Saturday, February 25, 2017

Testing hypotheses about Pagel's λ in phyl.RMA

Yesterday I received the following question by email:

“I submitted a paper for publication using your phylogenetic RMA code [phyl.RMA(x, y, tree, method="lambda")] and received a reviewer comment that they would like me to test whether my λ values are significantly different from zero or not. I am no R guru and have scoured the internet R forums looking for help on this topic to no avail. Do you have suggestions how to modify the code to test if λ is significantly different from 0 or not?”

This turns out to be quite straightforward now. There is no logLik S3 method for the "phyl.RMA" object class; however the likelihood is printed & it is straightforward to pull it out. The following example illustrates how we can go about doing this.

library(phytools)

Here's our data & tree:

tree
## 
## Phylogenetic tree with 30 tips and 29 internal nodes.
## 
## Tip labels:
##  t20, t21, t18, t19, t22, t23, ...
## 
## Rooted; includes branch lengths.
x
##         t20         t21         t18         t19         t22         t23 
##  1.74081803  0.33676433 -2.50478160  0.89857946  1.76875257  3.08699370 
##         t11          t6          t3         t14         t15         t12 
##  0.15106911  0.66324229 -3.41883563 -0.04319447  1.68108703  0.64884875 
##          t4         t13         t27         t28         t10         t16 
## -0.44859035  4.86755607  5.47266102  4.87278387  1.89486242  0.77032544 
##         t17          t7          t8          t2          t1         t29 
## -1.28424131  0.35679219  0.54643104  1.66794272  0.67532856  0.69751983 
##         t30         t26          t9          t5         t24         t25 
##  2.47659363  1.85573177  0.99397157  1.88833299 -3.51120262  0.00644626
y
##        t20        t21        t18        t19        t22        t23 
## -1.4604984 -1.1234784 -1.8955693 -1.1046771  0.5031821  0.7232508 
##        t11         t6         t3        t14        t15        t12 
## -1.3182090  0.7771434 -5.0391041 -0.7060600  0.1528692 -2.3452736 
##         t4        t13        t27        t28        t10        t16 
## -0.4259814  5.0943036  4.5370231  3.8153191  2.4929304  1.4140231 
##        t17         t7         t8         t2         t1        t29 
## -0.2126191 -1.3148316  0.1247963  1.7954273  1.6049011 -0.5283464 
##        t30        t26         t9         t5        t24        t25 
##  0.6998745  0.8378205  0.7286870  1.0226437 -3.5451315  0.4713685

Now let's fit our phylogenetic RMA:

## ML value of lambda
fit.ml<-phyl.RMA(x,y,tree,method="lambda")
plot(fit.ml)

plot of chunk unnamed-chunk-3

fit.ml
## 
## Coefficients:
## (Intercept)           x 
##  -0.5950063   0.9436907 
## 
## VCV matrix:
##          x        y
## x 1.606109 1.267578
## y 1.267578 1.430324
## 
## Model for the covariance structure of the error is "lambda"
## 
## Estimates (or set values):
##       lambda       log(L) 
##    0.6244482 -104.6795675 
## 
## Hypothesis test based on Clarke (1980; Biometrika):
##        r2         T        df         P 
##  0.699423  0.559378 22.745176  0.581371 
## 
## Note that the null hypothesis test is h0 = 1
## fixed lambda=0
fit.lambda0<-phyl.RMA(x,y,tree,method="lambda",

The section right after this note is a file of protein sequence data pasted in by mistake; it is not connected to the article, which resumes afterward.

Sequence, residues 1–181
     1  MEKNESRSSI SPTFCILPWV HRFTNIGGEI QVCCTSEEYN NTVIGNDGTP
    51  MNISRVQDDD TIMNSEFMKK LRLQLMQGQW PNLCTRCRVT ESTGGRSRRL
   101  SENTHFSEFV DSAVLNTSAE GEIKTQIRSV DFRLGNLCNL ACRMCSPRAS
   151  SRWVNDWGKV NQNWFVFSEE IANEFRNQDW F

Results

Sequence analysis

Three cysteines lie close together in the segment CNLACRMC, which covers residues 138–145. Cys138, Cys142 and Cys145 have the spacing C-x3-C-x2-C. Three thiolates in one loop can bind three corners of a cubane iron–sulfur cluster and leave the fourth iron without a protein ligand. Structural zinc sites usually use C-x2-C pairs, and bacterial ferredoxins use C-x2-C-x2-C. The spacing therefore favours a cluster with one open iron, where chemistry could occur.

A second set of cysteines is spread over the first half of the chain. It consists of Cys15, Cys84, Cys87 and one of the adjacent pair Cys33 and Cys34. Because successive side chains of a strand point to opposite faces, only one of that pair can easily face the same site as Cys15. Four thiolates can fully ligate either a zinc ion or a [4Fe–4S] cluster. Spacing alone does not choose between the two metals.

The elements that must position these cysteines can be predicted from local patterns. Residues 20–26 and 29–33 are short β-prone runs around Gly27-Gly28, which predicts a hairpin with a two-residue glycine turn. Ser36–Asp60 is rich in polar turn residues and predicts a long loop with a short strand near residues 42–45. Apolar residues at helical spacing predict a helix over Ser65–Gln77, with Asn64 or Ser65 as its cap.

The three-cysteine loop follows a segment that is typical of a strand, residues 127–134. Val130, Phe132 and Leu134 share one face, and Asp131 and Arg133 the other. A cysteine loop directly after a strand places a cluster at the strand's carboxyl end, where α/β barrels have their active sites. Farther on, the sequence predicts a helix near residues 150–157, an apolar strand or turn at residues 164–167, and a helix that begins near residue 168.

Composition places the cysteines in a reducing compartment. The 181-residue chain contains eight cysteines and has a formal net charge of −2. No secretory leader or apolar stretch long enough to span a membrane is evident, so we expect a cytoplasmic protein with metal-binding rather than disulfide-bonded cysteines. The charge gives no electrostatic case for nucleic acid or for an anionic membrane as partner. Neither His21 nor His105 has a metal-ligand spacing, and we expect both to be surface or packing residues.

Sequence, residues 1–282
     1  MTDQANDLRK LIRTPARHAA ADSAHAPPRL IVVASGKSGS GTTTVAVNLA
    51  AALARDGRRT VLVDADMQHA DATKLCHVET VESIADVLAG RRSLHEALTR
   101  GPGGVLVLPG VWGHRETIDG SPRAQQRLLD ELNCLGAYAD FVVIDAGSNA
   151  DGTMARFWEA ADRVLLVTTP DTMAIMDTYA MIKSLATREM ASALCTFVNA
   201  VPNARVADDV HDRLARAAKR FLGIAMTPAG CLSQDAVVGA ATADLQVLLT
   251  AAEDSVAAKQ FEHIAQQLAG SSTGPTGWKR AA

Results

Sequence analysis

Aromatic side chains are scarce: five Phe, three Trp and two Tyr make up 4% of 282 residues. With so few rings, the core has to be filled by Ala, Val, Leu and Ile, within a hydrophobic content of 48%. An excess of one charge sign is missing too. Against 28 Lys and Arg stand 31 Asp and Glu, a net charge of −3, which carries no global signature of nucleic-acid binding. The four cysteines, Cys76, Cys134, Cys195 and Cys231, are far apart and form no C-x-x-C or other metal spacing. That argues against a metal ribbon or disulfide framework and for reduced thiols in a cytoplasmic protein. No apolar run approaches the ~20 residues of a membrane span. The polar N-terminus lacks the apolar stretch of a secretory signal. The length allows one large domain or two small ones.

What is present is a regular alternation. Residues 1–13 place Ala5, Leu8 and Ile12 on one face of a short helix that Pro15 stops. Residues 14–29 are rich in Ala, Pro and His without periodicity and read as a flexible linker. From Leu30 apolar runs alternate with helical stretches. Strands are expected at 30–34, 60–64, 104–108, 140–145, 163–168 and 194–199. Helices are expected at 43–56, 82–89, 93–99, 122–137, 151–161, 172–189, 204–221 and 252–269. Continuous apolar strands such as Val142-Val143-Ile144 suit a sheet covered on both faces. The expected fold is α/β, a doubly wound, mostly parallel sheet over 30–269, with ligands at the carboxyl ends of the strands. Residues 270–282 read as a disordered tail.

lambda=0,fixed=TRUE)
plot(fit.lambda0)

plot of chunk unnamed-chunk-3

fit.lambda0
## 
## Coefficients:
## (Intercept)           x 
##  -0.8051448   1.0389307 
## 
## VCV matrix:
##          x        y
## x 1.300902 1.157591
## y 1.157591 1.404163
## 
## Model for the covariance structure of the error is "lambda"
## 
## Estimates (or set values):
##    lambda    log(L) 
##    0.0000 -109.1883 
## 
## Hypothesis test based on Clarke (1980; Biometrika):
##        r2         T        df         P 
##  0.733581  0.391534 22.485945  0.699089 
## 
## Note that the null hypothesis test is h0 = 1

We can see that the ML(λ) model has a higher log-likelihood (it must have an equal or better likelihood since λ=0 is a special case); however this comparison does not tell us which model to prefer.

One option for picking the better model is through the use of a likelihood-ratio test. This is conducted as follows:

LR<-2*(fit.ml$logL-fit.lambda0$logL)
P.chisq<-pchisq(LR,df=1,lower.tail=FALSE)
P.chisq
## [1] 0.002674072

This suggests that our more parameter-rich model fits significantly better than our simpler λ=0 model.

We can also similarly compare our ML(λ) model to a simpler Brownian model (equivalent to fixing λ=1).

fit.BM<-phyl.RMA(x,y,tree)
fit.BM
## 
## Coefficients:
## (Intercept)           x 
##  -0.5049189   0.8606773 
## 
## VCV matrix:
##          x        y
## x 7.754927 5.955602
## y 5.955602 5.744582
## 
## Model for the covariance structure of the error is "BM"
## 
## Estimates (or set values):
##    lambda    log(L) 
##    1.0000 -117.5431 
## 
## Hypothesis test based on Clarke (1980; Biometrika):
##        r2         T        df         P 
##  0.796187  1.758561 22.027273  0.092539 
## 
## Note that the null hypothesis test is h0 = 1
LR.bm<-2*(fit.ml$logL-fit.BM$logL)
P.bm<-pchisq(LR.bm,df=1,lower.tail=FALSE)
P.bm
## [1] 3.932632e-07

This shows that even though our ML value of λ is closer to 1 than 0, the former is much more strongly rejected than the latter. This can be seen even more clearly if we plot our likelihood surface for λ:

lambda<-seq(0,1,by=0.01)
logL<-sapply(lambda,function(l,x,y,tree) phyl.RMA(x,y,tree,method="lambda",
    lambda=l,fixed=TRUE)$logL,x=x,y=y,tree=tree)
plot(lambda,logL,type="l",ylab="log(L)",xlab=expression(lambda))
abline(v=fit.ml$lambda,lty="dashed",col="grey",lwd=2)

plot of chunk unnamed-chunk-6

That's it.

BTW, the data & tree for this example were simulated as follows:

library(phytools)
tree<-pbtree(n=30)
xy<-fastBM(phytools:::lambdaTree(tree,0.6))
x<-xy+fastBM(phytools:::lambdaTree(tree,0.6),sig2=0.4)
y<-xy+fastBM(phytools:::lambdaTree(tree,0.6),sig2=0.4)

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